James McGrath Morris, biographer and author, Pulitzer: A Life in Politics, Print, and Power (2010), discussing the impact of the giant newspaper baron on American journalism
at Utah State University, Jan. 25, 2010.

Click here for hour-long interview on Utah Public Radio

Wednesday, January 26, 2011

along the lines of "you get what you pay for..."

Want to know what's wrong with journalism? Here's a hint: a pitch from to join their stable of news writers. In its entirety:
Hello News Writers,

Helium is putting its efforts behind building the News community and growing our News outlet on the web. I'm really excited about the potential this community has for success and recognition.

Before your stories start appearing on sites such as Google News, we need to have a News site that is built up with lots of content -- so we're encouraging you to write, write, write News stories now! During this transition period of starting out to shining bright on the web, we are temporarily offering a $3 Upfront Payment for each News story you write.

The Upfront Payments are in addition to the earnings of $1 per 1,000 valid views your News stories receive.

Once the News community is up and running strong, your News stories have the potential to receive thousands of views per hour, which equate to higher earnings.

When writing News stories, be sure to follow the Helium Guide to News Writing. There's a section titled "How to get your news story approved on Helium" -- be sure to follow these requirements, or your story won't be approved.

I look forward to reading and approving your News stories!

Stephanie Silverstein | Community Outreach Manager, Channel Manager Program Coordinator

Saturday, January 22, 2011

cyber (in)civility

In which we dig into the escalating incivility that greets sports writers, thanks to the anonymity of the interwebs Go to to find out how sportswriter Jeff Pearlman dealt with some of his vilest haters.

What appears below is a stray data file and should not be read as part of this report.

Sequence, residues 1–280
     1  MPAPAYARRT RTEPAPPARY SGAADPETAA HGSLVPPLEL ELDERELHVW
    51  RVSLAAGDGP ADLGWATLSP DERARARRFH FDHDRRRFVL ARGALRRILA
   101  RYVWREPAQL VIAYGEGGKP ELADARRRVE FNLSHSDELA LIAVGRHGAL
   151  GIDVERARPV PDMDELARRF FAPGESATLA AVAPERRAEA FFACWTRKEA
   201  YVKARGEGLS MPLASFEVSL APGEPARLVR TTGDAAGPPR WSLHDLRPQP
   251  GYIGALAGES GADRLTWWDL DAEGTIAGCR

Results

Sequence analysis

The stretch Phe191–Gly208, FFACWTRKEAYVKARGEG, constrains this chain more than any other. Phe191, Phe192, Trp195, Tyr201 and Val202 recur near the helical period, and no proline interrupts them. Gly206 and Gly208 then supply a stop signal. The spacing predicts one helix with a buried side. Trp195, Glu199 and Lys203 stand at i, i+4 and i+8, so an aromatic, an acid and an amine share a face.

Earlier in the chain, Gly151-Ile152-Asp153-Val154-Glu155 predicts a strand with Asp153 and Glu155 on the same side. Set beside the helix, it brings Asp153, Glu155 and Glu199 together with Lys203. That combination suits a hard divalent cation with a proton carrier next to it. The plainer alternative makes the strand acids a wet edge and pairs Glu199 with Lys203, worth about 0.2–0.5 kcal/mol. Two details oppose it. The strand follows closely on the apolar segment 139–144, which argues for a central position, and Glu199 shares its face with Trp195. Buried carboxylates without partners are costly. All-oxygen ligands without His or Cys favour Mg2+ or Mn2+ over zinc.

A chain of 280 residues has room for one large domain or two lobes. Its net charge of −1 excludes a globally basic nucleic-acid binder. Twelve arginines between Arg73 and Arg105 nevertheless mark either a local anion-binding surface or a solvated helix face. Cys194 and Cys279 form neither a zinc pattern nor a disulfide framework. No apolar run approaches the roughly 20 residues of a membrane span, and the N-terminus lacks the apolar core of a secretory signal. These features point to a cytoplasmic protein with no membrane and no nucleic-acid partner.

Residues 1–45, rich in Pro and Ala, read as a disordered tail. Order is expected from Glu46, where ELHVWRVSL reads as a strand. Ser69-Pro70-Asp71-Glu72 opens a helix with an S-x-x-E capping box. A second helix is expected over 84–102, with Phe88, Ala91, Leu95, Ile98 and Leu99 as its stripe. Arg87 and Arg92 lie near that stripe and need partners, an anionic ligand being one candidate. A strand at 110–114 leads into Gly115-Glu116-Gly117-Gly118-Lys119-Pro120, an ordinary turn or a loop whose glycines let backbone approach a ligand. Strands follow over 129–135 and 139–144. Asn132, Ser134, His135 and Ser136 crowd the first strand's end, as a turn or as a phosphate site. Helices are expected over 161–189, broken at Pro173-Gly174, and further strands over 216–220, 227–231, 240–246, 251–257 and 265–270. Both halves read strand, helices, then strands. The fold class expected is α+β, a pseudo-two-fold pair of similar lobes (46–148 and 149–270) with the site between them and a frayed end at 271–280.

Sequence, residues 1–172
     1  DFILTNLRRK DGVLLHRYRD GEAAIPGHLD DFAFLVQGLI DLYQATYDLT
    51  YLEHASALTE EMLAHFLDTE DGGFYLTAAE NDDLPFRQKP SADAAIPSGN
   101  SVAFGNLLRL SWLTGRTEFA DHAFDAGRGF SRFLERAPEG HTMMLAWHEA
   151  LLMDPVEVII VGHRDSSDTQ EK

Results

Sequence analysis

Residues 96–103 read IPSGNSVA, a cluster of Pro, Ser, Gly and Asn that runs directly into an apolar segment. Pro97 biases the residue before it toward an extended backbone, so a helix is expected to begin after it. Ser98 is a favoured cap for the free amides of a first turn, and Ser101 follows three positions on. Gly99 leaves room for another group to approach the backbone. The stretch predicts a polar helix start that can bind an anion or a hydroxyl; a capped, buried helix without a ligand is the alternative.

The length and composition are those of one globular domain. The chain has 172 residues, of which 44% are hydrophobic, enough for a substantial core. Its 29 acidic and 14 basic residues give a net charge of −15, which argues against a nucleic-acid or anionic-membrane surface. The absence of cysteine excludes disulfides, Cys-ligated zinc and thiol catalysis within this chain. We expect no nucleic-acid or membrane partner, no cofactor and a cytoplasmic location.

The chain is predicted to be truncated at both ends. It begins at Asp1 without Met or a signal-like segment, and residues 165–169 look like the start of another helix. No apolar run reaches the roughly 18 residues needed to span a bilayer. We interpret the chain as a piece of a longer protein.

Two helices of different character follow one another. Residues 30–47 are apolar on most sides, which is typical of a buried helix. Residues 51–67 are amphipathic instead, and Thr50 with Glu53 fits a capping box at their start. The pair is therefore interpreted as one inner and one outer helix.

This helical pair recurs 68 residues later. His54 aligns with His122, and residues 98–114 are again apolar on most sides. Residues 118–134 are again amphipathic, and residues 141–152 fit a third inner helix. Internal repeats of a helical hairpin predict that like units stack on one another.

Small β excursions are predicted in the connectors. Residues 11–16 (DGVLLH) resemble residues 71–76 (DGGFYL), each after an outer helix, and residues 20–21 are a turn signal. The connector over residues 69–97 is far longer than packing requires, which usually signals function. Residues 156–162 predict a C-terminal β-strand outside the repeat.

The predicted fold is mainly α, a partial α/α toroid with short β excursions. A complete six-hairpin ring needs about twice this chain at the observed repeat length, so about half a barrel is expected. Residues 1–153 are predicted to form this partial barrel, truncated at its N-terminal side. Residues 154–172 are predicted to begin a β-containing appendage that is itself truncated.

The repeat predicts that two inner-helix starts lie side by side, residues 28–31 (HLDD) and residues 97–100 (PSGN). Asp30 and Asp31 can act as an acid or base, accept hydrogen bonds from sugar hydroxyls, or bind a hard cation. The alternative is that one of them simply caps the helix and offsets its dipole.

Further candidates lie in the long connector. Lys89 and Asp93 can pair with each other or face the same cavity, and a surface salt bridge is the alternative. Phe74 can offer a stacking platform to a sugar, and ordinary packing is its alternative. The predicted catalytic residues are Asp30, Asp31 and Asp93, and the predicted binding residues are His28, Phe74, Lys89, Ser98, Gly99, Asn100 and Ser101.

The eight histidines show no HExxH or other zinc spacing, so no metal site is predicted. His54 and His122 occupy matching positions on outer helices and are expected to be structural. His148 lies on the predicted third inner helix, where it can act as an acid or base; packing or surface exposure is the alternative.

He tracked them down. And called them up. Here's a taste of his column:

Recently, in response to something I wrote on my blog about Jeff Bagwell and the Baseball Hall of Fame, Matt tweeted me a couple of times.

The words were snarky and snide and rude. His final message, however, left an extra special impression: "I got caught up in the anonymity of the internet. I'm sorry and here is a legit post with my criticisms." Upon opening the pasted link, I was greeted by a nasty pornographic image that would make Sasha Grey vomit into the nearest trash can.


Normally, this sort of thing doesn't faze me. Write sports for a living (especially online, as I do for, insults come with the turf. You're dumb. You suck. You're an idiot. You're a moron. I'll never read your crap again. That's the %#$$ #$@@#$ %$$# thing I've ever heard. How do you have a job? Go to hell. Screw yourself. Drop dead.

I've heard them all, and aside from occasionally entertaining my wife with a reading from my Greatest Hits Packet ("I call it my 'Go back to Africa' folder," says Howard Bryant, an African-American senior writer), I turn the other cheek and move on.